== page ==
There is a vast and growing performance gap between Intel Xeon chips and NVIDIA GPUs for both memory bound and compute bound kernels.
Previously I posted NVIDIA P100 performance results for full ECHELON software runs which are dominated by memory bound kernels.
Below I'm showing fresh P100 results for compositional flash, one of the few compute bound kernels found in reservoir simulators. For this chart the reference SPE3 problem is solved using a 10 component flash calculation on 1 million pressure-temperature points. Platforms considered are an 8 core Intel Haswell E5-2630v3 and the Fermi GF200, Kepler GK210 and new Pascal P100 chips from NVIDIA. Performance results are normalized to Haswell=1.0.
Our single-core CPU results compare very closely, both in accuracy and performance, to the highly-optimized results published by Haugen and Beckner from ExxonMobil. Here, however, we improve upon Haugen and Beckner with a multi-threaded parallel implementation. Three conclusions: i) P100 is 42x faster than the 8 core Intel Xeon Haswell chip ii) performance per TFLOP is about 2.5x better on GPU than CPU and iii) GPU performance again scales in a beautiful linear manner with TFLOPs. In summary there is a vast and growing performance gap between Intel Xeon chips and NVIDIA GPUs for both memory bound and compute bound kernels. This is great news for those interested in bringing game-changing capability to reservoir simulation software tools.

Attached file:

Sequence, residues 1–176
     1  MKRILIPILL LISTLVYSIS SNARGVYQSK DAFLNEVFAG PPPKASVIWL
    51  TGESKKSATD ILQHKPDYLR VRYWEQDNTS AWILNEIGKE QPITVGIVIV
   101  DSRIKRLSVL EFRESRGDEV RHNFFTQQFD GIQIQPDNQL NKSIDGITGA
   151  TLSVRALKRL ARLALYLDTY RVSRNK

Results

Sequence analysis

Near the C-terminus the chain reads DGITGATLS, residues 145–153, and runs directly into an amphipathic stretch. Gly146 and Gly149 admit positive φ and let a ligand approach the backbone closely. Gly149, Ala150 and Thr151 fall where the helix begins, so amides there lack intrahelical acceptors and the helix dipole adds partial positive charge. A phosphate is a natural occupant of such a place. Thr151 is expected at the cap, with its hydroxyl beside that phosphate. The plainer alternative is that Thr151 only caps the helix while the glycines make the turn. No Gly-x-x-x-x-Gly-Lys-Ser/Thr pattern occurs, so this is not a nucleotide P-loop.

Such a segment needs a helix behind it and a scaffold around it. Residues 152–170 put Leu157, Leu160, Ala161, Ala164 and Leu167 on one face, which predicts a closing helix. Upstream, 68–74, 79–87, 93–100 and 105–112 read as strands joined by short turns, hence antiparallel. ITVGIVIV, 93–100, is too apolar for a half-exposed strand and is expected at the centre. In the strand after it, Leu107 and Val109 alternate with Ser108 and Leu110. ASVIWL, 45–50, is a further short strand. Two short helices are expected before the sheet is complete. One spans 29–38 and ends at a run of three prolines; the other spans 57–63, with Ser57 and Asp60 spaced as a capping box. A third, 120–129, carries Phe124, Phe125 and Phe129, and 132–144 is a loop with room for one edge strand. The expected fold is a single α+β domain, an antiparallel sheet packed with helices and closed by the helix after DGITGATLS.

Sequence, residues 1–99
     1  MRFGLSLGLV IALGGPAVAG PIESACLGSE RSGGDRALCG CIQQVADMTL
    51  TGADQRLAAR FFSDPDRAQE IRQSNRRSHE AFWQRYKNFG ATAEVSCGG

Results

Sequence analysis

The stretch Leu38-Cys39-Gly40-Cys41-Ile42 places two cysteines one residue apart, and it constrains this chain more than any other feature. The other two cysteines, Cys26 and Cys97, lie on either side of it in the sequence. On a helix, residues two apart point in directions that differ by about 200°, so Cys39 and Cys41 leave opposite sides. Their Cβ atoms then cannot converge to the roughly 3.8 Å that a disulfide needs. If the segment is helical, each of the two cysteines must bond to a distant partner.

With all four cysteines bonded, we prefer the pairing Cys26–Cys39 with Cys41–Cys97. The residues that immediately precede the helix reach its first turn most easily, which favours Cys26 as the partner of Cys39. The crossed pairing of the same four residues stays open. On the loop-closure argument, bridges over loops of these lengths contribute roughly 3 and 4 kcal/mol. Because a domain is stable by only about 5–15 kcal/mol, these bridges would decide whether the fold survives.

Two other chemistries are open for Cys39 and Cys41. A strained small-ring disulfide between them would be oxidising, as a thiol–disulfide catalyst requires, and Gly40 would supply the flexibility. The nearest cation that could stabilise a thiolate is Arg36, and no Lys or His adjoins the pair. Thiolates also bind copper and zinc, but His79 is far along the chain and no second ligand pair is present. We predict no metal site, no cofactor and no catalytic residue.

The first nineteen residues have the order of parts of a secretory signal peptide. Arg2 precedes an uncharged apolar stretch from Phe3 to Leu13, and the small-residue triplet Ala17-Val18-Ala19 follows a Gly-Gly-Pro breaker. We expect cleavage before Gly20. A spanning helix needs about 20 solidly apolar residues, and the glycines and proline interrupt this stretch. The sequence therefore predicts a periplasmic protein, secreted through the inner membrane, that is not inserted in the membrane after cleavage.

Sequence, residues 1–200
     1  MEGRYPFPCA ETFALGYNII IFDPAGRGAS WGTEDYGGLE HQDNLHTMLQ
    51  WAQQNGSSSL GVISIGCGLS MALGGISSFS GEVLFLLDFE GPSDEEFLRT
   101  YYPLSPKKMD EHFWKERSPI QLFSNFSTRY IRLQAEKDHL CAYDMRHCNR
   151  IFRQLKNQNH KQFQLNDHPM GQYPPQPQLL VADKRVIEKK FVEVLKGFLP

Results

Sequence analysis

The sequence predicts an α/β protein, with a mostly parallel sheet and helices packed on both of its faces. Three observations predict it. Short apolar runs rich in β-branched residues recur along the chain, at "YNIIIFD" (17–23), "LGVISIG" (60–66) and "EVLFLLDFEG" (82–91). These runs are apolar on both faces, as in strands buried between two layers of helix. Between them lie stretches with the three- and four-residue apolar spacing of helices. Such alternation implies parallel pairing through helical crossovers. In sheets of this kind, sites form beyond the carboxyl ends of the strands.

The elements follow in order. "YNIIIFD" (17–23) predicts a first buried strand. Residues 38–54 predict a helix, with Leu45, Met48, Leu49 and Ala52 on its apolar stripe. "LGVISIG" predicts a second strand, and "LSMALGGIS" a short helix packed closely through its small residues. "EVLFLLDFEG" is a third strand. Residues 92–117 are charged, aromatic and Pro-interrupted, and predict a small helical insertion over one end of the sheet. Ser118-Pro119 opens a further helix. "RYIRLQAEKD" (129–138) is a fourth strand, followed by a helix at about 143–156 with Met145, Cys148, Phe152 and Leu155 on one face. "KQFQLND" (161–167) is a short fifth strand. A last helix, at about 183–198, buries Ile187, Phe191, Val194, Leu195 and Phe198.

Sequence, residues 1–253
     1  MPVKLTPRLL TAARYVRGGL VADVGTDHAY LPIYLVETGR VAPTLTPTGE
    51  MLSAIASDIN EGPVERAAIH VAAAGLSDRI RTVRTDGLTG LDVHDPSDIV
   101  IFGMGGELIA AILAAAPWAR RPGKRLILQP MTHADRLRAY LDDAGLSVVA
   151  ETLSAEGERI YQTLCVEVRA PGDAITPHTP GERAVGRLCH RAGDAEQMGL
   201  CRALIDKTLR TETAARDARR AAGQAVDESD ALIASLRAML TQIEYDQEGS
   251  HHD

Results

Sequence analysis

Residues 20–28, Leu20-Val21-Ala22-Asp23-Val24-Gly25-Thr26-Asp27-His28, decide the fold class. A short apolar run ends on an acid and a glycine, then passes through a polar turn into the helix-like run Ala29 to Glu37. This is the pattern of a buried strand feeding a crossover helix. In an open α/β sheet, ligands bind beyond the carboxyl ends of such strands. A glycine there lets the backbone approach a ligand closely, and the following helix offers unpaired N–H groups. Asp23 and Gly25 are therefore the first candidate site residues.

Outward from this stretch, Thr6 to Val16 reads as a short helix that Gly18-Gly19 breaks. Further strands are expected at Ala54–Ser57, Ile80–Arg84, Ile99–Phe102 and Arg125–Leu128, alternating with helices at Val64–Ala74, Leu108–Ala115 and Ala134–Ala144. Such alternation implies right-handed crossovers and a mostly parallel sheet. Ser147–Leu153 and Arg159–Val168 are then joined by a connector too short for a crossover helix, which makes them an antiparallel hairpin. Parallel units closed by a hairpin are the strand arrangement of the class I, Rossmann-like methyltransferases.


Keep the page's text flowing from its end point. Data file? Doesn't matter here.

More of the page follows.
Written by Vincent Natoli
Vincent Natoli is the president and founder of Stone Ridge Technology. He is a computational physicist with 30 years experience in the field of high-performance computing. He holds Bachelors and Masters degrees from MIT, a PhD in Physics from the University of Illinois Urbana-Champaign and a Masters in Technology Management from the Wharton School at the University of Pennsylvania.
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